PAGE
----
How many times have you agonized over the meaning behind a text? You can’t text someone a tone of voice, and you certainly can’t leave a voicemail with your facial expressions. But given that texting is the most popular smartphone activity, it’s important to convey our message without getting any signals crossed. According to a new study from Binghamton University, refining your text messages might be as simple as changing your punctuation.
Researchers from the university found that messages ending with a period were perceived as less sincere than other texts. That may or may not surprise you—if you’re the type who overanalyzes curt messages that end in a period, and sighs with relief at sentences marked with exclamation points, these findings, published in Computers in Human Behavior, probably make a lot of sense.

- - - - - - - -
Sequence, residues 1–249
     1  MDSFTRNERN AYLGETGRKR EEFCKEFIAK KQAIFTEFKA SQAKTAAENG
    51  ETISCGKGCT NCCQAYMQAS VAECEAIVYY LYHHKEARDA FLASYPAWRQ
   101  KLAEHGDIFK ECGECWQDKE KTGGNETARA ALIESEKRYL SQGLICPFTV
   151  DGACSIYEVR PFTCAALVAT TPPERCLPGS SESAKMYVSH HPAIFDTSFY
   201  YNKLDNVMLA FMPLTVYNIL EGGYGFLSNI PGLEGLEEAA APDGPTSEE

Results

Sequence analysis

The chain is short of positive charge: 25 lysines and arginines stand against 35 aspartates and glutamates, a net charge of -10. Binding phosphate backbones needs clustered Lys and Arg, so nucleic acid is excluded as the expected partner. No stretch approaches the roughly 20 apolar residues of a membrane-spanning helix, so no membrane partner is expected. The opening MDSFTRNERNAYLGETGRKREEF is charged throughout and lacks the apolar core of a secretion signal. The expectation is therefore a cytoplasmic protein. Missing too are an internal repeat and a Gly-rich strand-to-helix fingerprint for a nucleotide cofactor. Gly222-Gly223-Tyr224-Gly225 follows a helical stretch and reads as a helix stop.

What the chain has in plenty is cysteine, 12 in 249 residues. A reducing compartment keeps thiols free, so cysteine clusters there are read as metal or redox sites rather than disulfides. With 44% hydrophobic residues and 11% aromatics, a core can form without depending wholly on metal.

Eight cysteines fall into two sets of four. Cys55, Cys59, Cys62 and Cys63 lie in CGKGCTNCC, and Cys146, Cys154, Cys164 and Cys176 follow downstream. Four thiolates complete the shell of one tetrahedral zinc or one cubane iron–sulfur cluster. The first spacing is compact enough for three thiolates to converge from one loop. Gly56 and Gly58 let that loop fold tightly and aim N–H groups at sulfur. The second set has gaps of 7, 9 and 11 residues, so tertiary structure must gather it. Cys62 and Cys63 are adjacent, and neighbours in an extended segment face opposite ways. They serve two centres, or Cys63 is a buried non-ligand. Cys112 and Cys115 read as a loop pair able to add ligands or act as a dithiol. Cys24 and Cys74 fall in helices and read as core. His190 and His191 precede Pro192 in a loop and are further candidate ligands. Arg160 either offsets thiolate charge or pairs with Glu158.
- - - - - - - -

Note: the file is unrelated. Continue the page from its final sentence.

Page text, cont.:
The researchers tested text-messaging exchanges between 126 college students. The sender invited a friend to a concert, and the recipient sent back a one-word response: Okay, Sure, Yeah, and Yup. They sent each response twice, once punctuated with a period and once without any punctuation. People perceived the punctuated messages as less sincere.
Punctuation carries more weight in text messages since the “social and contextual cues were missing,” according to researchers. “When speaking, people easily convey social and emotional information with eye gaze, facial expressions, tone of voice, pauses, and so on," lead researcher Celia Klin said in a statement. "People obviously can’t use these mechanisms when they are texting.”